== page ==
The forex market is home to a multitude of currencies. However, activities in the $6 trillion revolve around a small group of pairs dubbed the majors. The majors are mostly made up of legal tenders of countries with a big influence on the global scene given their economies’ size. The US dollar and sterling stand out for good reasons.
The British pound holds the title of the oldest legal tender. However, it only became the official coinage in 1707. In addition to being the UK’s official legal tender, several territories still use it. Similarly, it is the official tender of some British territories.
While the pound is one of the fiats cherished by people in the $6 trillion marketplaces, it is a no match to some majors. It still trails the US dollar, the euro, and the Japanese fiat for daily turnover. The most traded pair involving the pound is the cable.
On the other hand, the dollar came into being in 1785 when there was lots of confusion regarding the medium of exchange. Its introduction helped avert reliance and use of other unreliable coins that were prone to manipulation.
At first, the greenback existed purely in coins before the banknote’s introduction in 1861. Its value at the start was pegged on the relative prices of crucial industrial metals such as gold and copper. Backed by the world’s biggest economy, it has shrugged the metals peg and risen to become the most used and preferred currency on the international scene.
Likewise, it is a popular Fiat, accounting for about 88% of the total daily trading volume in the $6 trillion markets. It accrues its edge on never being devalued or hyper-inflated, as is the case with others. Besides, it stands out as it is not prone to manipulation by the government, as is the case with some.
The actual pound and dollar value fluctuate freely in response to supply and demand forces. However, for two decades, the greenback has been a no match to the sterling on the valuation front. Even though the UK’s currency has depreciated from 1.70 against the buck, as of 2010, it still commands a hefty valuation of about 1.37 against its peer.
More dollars in circulation is one reason it has continued to lag the sterling on the valuation front. Also, the UK boasts of one of the lowest inflation levels, which essentially makes its purchasing power much stronger.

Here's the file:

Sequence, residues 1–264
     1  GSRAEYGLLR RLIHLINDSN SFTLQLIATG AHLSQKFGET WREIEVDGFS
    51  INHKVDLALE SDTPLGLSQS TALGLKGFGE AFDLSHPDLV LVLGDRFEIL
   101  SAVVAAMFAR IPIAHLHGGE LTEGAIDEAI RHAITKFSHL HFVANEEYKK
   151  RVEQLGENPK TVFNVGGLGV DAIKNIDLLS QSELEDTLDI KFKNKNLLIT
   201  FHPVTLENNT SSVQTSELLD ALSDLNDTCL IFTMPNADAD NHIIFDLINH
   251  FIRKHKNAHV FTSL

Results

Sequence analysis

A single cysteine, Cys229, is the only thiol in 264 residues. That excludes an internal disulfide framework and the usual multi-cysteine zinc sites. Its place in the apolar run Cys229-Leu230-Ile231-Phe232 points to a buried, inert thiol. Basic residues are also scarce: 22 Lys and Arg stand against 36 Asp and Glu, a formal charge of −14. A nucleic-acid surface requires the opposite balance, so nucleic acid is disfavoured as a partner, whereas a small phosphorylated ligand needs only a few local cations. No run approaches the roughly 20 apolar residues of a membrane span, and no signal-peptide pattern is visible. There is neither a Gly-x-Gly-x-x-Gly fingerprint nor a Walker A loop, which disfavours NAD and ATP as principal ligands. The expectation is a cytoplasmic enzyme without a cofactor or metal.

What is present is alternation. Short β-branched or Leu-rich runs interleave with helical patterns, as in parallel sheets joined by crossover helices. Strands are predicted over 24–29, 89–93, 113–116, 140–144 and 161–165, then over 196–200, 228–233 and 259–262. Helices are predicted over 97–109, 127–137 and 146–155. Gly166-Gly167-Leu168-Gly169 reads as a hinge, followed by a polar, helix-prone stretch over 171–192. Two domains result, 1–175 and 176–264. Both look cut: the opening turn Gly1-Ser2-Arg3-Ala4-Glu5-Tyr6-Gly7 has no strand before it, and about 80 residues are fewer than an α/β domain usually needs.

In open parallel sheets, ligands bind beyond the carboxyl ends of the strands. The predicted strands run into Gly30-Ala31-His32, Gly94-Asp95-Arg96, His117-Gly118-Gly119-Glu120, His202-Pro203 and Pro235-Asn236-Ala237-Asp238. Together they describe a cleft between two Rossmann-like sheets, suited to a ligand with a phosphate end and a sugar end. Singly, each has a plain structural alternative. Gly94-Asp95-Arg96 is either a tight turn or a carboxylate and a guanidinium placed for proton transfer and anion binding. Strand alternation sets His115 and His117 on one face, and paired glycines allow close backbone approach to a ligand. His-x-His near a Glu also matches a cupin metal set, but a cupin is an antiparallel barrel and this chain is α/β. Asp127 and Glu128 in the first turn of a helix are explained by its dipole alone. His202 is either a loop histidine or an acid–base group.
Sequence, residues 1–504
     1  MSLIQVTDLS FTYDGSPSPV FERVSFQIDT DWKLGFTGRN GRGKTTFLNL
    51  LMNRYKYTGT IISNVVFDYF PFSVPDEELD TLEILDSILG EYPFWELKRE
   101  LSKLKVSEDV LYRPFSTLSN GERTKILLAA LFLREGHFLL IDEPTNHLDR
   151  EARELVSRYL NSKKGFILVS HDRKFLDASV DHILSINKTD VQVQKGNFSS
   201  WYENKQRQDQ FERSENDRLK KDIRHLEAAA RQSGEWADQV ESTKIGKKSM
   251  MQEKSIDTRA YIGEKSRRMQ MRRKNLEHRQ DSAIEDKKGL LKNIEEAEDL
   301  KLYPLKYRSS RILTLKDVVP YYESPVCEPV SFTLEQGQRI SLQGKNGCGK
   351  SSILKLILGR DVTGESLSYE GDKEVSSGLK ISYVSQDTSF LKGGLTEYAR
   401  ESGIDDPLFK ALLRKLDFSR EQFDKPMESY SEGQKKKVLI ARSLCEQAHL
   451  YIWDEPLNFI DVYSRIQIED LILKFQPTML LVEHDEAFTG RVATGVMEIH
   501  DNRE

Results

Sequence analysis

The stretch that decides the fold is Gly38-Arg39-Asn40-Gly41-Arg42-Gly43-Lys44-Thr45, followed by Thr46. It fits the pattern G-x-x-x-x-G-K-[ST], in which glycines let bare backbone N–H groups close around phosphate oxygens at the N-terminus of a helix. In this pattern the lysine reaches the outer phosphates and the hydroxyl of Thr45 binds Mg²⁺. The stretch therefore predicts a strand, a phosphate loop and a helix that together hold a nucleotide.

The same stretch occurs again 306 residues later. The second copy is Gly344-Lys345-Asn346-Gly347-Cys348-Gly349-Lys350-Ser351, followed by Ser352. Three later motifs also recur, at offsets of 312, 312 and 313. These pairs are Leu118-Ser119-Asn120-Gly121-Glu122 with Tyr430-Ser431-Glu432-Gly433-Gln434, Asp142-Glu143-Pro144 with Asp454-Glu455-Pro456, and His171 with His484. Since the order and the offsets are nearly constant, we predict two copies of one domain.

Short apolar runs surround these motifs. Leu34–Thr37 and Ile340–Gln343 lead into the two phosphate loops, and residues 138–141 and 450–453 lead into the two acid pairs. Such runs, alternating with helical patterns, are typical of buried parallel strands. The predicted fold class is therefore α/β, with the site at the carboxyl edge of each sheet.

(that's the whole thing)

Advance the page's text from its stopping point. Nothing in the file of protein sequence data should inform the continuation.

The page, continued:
However, the pound has continued to weaken in recent years amid a persistent UK economic slowdown. The UK economy has been under immense pressure amid trade uncertainty triggered by its decision to pull out of an important trading block.
Currency value vs. economic strength
It is important to note that whenever a currency is stronger than another, it necessarily does not signal economic strength. Currency strength comes down to several things. For instance, the yen has often been considered one of the strongest fiats despite lagging most majors.
Therefore, the UK economy cannot be said to match the US’s economy on the simple argument of the strength of its legal tender. The relative strength of any currency comes down to some things. Therefore, the best way to judge a fiat’s relative strength against another is to consider how it has performed over the years.
While the sterling has always been valuable, it no longer accrues the edge it did in yesteryears. Supply, demand, inflation deficiencies, and other economic factors have continued to weigh heavily on it. Ultimately it has depreciated significantly hurt in recent years by the Brexit debacle.
UK citizens voting to exit the European Union in 2016 rattled the market and the pound’s value. It lost as much as 8% against the buck on a single day. It has since struggled to bounce back, trading below the 1.40 level against its peers.
While the GBP/USD rate was at highs of 1.70 as of 2010, it touched record lows of 1.20 in the aftermath of Brexit as investors continued to shun the sterling. Even though the pound remains stronger than the greenback on the exchange rate front, investors continue to shun it amid fears of continued depreciation.
The Kingdom leaving the EU is not the only event that has rattled the pound’s strength. It was worth five times the buck in the early 1900s at the British Empire’s peak. The breakup of the empire in the aftermath of World War I and World War II took a significant toll on the legal tender.
In addition, it has continued to depreciate on traders selling it in response to the UK economy slowdown. For the better part of the 20th century, it depreciated significantly as the US emerged as an economic and political superpower.
While the UK’s currency has depreciated significantly, the yen has continued to appreciate. In the 1970s, one US dollar was worth 300 yen. The value has since dropped by a third to current levels.
In the recent past, USD’s weakness against its peer has been significantly influenced by the ever-rising trade deficit with Japan. While the US dollar is still worth more, the Japanese currency is still a force to reckon with, given the trade deficits at play.
Exchange rate manipulation
While currency value fluctuates in response to supply and demand forces, national governments can also influence the floating value. For instance, the Chinese government maintains tight control over the yuan rate against the dollar. It constantly adjusts it to ensure its exports remain competitive and affordable. Creation of new currencies to try and adjust inflation levels often results in prices resetting.
The pound and the dollar are the old guards of the $6 trillion currency market. While the two attract substantial interest, the buck remains the most popular given the trading volumes it commands. However, the sterling is the most valuable of the two given its low and much lower UK inflation.